r.a. dickey

No One Cares About Your Fantasy Team, Especially Not The Universe

Sometimes the stars align…

Situation:

– You have five starting pitchers on your fantasy baseball roster scheduled to start on the same day (Johnny Cueto, Alex Cobb, Alex Wood, Gerrit Cole, R.A. Dickey).

– Even though you only have four slots for starting pitchers in your fantasy format, one of those pitchers (Wood) is eligible to be started as a reliever.

– None of those pitchers are starting against each other.

– Vegas odds favor your pitcher’s team in all five of these starts.

– All five matchups (and the Tigers game) start at the same time (7 eastern).

– None of these games are blacked out on MLB.TV in your area.

Logical Next Step:

This is clearly the universe telling you that you should activate all five starters, eat Taco Bell for lunch for good luck and skip out of work early so that this awesomeness can happen:

six games

Final result:

Five starts, ZERO wins.  Yes, sometimes the stars align…to trick you into believing that the universe likes you…but it doesn’t…it hates you.

Fantasy Memories: Ryan Klesko

In late April 2001, I had just graduated from college and was planning to go backpacking through Europe for most of the month of May.  I knew I wouldn’t be able to check my fantasy baseball team very much while I was traveling (no smartphones in 2001), so the night before I left, I set my roster one last time.  I think my first baseman was hurt or something, so I just picked up the highest ranked first baseman available on the waiver wire, who happened to be Ryan Klesko.  Despite a solid 2000 season, Klesko had started 2001 slowly, hitting only .247 in April, so someone had dropped him.  I didn’t know much about the dude at all, so I was just hoping that he would stay relatively healthy and at least not hurt my team too much while I was gone.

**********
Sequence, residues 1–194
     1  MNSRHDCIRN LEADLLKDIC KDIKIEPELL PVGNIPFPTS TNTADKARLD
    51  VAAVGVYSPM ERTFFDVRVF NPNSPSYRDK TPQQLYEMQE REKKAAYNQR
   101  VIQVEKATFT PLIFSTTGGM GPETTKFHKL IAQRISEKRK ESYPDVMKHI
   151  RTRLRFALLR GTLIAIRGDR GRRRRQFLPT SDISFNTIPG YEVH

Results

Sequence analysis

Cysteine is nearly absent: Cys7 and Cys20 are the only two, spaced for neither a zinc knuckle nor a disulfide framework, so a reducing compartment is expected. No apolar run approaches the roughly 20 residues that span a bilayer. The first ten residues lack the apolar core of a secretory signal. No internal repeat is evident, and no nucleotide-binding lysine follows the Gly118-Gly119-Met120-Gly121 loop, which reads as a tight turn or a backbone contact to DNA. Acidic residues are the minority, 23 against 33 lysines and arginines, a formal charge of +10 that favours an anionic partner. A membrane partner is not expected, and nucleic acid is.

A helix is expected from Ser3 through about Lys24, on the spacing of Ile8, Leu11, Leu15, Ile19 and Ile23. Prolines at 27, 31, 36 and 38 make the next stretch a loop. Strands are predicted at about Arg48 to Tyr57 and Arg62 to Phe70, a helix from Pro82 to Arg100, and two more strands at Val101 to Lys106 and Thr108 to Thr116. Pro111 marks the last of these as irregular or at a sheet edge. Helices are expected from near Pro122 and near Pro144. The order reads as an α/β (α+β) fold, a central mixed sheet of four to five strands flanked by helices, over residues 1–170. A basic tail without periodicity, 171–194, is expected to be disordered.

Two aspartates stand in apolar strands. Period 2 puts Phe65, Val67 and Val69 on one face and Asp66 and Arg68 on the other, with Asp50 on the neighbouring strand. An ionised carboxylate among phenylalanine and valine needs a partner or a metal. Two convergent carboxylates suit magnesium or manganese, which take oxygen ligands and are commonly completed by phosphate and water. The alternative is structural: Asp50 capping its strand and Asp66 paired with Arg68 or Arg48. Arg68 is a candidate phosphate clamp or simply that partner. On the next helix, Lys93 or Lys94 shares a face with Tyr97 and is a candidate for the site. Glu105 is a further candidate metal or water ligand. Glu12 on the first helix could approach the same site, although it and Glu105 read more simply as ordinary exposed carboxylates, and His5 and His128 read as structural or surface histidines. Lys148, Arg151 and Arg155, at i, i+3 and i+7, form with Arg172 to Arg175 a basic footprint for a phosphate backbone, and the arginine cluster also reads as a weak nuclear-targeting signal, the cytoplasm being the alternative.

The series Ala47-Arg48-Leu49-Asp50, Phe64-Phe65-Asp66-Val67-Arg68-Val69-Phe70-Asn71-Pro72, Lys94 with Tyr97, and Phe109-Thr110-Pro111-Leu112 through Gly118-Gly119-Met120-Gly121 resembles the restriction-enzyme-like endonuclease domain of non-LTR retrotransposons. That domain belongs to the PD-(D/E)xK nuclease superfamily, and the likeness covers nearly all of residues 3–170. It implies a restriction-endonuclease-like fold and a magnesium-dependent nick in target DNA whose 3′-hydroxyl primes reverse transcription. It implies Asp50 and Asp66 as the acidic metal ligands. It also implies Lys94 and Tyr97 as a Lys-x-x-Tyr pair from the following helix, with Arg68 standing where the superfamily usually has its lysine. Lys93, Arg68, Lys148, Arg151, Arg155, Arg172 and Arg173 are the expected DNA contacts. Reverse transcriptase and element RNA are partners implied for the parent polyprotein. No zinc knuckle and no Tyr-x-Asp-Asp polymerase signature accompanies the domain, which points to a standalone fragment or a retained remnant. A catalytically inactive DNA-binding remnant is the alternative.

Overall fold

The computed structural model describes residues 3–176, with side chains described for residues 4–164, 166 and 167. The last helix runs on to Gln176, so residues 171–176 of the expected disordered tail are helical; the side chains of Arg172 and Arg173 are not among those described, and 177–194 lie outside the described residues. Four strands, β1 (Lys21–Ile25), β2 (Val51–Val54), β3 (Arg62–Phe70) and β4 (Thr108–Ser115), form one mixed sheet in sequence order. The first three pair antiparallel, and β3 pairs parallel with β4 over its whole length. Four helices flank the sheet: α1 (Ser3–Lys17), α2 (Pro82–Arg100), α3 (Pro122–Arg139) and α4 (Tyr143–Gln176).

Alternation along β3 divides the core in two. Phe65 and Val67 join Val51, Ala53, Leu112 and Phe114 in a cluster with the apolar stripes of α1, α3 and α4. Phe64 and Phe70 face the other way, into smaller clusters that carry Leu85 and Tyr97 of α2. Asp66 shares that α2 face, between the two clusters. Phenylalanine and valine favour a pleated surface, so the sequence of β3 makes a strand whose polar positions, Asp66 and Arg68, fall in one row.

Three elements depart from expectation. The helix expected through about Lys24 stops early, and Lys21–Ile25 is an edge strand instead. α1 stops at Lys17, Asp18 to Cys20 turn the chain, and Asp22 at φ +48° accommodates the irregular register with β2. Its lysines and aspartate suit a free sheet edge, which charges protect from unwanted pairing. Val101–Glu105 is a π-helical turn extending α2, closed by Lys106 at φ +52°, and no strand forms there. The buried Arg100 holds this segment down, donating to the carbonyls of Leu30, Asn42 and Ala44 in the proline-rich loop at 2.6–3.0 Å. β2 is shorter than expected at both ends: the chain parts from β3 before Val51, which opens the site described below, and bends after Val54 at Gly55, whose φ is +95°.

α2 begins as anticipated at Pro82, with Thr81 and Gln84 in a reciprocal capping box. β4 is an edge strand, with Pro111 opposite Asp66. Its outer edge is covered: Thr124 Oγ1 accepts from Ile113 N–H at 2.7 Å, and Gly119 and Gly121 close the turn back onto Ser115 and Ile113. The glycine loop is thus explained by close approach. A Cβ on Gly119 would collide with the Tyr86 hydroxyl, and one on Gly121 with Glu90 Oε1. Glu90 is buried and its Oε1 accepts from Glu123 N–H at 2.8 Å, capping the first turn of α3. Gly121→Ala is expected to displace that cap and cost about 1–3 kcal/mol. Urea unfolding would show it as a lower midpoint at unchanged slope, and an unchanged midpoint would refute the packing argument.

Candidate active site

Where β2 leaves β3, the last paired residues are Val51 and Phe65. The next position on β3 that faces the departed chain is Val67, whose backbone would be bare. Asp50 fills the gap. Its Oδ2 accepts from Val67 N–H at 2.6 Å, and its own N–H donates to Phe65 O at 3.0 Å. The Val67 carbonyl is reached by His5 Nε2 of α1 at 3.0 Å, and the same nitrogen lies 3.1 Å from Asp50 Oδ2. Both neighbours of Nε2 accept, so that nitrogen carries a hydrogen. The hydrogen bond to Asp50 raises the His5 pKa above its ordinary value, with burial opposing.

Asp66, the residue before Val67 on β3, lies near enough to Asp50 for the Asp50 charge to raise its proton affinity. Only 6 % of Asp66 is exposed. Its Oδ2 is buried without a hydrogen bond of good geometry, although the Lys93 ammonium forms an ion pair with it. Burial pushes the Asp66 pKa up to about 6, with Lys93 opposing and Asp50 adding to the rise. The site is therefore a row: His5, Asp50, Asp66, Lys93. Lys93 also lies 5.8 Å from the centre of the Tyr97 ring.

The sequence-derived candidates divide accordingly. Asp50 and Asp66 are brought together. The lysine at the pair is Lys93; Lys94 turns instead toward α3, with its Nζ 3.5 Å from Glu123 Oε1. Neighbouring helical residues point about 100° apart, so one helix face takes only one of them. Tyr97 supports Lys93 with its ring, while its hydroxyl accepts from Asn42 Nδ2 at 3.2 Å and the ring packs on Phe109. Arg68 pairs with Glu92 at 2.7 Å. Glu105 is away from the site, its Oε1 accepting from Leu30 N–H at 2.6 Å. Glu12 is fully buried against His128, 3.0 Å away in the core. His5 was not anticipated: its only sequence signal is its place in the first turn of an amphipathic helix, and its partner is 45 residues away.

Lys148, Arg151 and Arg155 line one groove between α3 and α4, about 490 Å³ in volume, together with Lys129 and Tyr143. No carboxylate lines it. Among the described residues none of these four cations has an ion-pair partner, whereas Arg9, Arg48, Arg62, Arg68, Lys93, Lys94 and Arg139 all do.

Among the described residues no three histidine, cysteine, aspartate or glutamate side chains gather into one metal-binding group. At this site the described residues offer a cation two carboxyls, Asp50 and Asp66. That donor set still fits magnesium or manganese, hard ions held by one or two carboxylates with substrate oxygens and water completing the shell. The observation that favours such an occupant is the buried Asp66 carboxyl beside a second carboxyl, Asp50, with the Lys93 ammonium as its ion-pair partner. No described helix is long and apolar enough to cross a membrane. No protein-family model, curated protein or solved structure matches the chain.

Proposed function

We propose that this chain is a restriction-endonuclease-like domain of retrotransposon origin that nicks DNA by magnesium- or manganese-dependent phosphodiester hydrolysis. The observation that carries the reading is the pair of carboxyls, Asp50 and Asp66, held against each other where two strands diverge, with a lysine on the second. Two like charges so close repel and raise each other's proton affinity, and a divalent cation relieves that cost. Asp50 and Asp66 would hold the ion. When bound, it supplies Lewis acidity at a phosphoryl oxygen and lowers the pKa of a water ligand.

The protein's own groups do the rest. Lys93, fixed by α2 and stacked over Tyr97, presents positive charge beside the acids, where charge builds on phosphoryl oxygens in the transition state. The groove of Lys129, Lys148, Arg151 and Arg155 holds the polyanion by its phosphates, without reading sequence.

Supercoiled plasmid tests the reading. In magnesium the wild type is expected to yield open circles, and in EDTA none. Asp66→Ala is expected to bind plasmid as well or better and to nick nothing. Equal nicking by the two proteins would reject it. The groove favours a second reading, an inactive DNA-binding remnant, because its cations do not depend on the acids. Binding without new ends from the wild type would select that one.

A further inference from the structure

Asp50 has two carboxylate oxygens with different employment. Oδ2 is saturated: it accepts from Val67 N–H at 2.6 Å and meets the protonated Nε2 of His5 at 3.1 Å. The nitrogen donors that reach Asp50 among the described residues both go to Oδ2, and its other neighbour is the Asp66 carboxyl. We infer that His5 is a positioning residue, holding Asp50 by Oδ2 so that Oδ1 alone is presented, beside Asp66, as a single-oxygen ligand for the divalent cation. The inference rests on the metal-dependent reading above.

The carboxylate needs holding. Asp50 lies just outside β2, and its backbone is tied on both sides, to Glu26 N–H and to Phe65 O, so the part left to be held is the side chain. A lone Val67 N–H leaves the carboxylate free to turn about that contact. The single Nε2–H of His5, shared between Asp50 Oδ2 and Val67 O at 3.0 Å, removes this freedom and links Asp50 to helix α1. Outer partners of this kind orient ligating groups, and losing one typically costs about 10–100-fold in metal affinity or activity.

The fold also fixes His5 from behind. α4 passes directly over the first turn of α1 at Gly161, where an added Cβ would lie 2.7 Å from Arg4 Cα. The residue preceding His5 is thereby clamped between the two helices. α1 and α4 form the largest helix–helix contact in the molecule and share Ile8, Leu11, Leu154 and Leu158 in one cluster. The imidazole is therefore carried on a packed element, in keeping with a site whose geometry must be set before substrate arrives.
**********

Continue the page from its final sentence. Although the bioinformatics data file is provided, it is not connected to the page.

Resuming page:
When I returned to the U.S. at the end of May, I finally logged back on to a computer and took a look at the numbers next to Klesko’s name.  My jaw fell off my face.  Ryan Klesko had gone insane.  In May 2001, Klesko hit .354/.464/.788 with 11 homers, 40 RBI and 10 stolen bases.  That’s double digit steals and homers in a single month.  I have no idea whether anyone else has managed this feat, but it seems like it would be extremely rare.  I checked all of the 40/40 seasons in history (Canseco, Bonds, A-Rod, Soriano) and none of them did it.  And Klesko was primarily a first baseman!  While I was off traipsing across Europe, Klesko was doing work, carrying my fantasy team on his back for an entire month.

Fantasy baseball managers tend to develop irrational attachments to certain players, or at least I do.  Very often, it’s a guy you feel like you “discovered”, someone you bought into and believed in before anyone else did.  In those cases, a large portion of that ongoing attachment comes from personal pride in your own fantasy baseball skills.  You identified a star before he became a star, therefore, you are also a star and every time you see his name in your lineup, you feel good about you.  I definitely feel that way about some of the guys I’ve had on my team over the years, like James Shields or R.A. Dickey. But this wasn’t the case with Klesko.  I was just plain lucky that I happened to have added him right before he exploded; I can take no credit in this.  But I continued to roster him on many of my teams up until he retired in 2007, and this was a different kind of attachment.  Call it eternal gratitude.

The 2001 MLB season was perhaps the most memorable of my lifetime.  Seattle won 116 games.  Barry Bonds hit a billion homers.  Ichiro won rookie of the year and MVP honors.  Albert Pujols’ ridiculous rookie year as the oldest-looking 20 year old in history.   9/11.  The Jeter Flip.  All of this culminated in the greatest World Series I have ever seen.  So it’s not surprising that Klesko’s amazing May has been virtually forgotten.  But not by me.  My gratitude continues until this day.  For that amazing month, thank you Ryan Klesko.  Thank you until the end of time.

Opening Day 2014: Bold Predictions

1.  The St. Louis Cardinals will win more than 100 games.